Fauci: Senate Report Showing Lab Leak Caused COVID ‘Unfortunate’
Dr. Anthony Fauci declared it is “really unfortunate” that a report by the Republican minority oversight staff of the Senate Health Committee concluded that a “research-related incident” was the most likely cause of the COVID-19 pandemic. Fauci reached that conclusion even though he said he has not “carefully” read the report.
Sen. Richard Burr (R-NC) released the report on Thursday that began by saying the conclusion of the panel was that it is most likely that SARS-CoV-2 was not a naturally occurring virus but was released through a lab-related incident at the Wuhan Institute of Virology.
The report cautioned that it is not dispositive, as the “lack of transparency” from Chinese officials prevents a “more definitive conclusion.”
A release from the committee accompanying the report said there is “substantial evidence” to support the conclusion of a lab leak cause for the pandemic. The conclusion was also said to be consistent with epidemiology indicating the virus spread in the same region as the Wuhan lab.
The report also criticized earlier scientific research claiming there was a natural spillover of the virus from animals to humans suffered from evidentiary “gaps.” The gaps included the failure to identify an “intermediate host species” and the lack of tangible evidence of transmission between animals and humans.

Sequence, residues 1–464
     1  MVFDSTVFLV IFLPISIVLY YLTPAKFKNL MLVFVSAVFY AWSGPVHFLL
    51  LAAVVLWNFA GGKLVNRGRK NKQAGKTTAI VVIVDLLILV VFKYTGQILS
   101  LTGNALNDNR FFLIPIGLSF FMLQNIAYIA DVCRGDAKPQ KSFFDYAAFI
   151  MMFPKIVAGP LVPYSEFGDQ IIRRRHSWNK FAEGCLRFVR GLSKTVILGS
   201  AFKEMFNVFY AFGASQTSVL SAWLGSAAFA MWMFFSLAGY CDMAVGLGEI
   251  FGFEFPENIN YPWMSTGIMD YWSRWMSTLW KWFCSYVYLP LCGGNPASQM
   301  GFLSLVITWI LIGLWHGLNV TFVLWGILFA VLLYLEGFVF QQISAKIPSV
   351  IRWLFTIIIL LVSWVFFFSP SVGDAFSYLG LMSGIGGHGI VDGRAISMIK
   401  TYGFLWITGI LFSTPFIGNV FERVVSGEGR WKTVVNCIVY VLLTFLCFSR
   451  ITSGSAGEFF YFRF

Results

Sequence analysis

The report said it was based on a scientific review of already publicly available and open-source data. It specifically cites the World Health Organization (WHO), the Associated Press, the New York Times, the Washington Post, the Wall Street Journal, and the U.S. Centers for Disease Control and Prevention (CDC).
The WHO issued a recommendation in June that its conclusion from 2021 about the origin of the pandemic should be re-examined. Last year, the WHO concluded a lab leak cause of the pandemic was “extremely unlikely.” This year the organization said that it now “remains open to any and all scientific evidence.”
Fauci’s comments came during the Friday broadcast of “CNN Tonight” that he has only “skimmed through” the report, but nevertheless said it was “really unfortunate.” He said there are “at least two very important, peer-reviewed, scientific publications most recently that completely diverge from the conclusions that came out in the report.”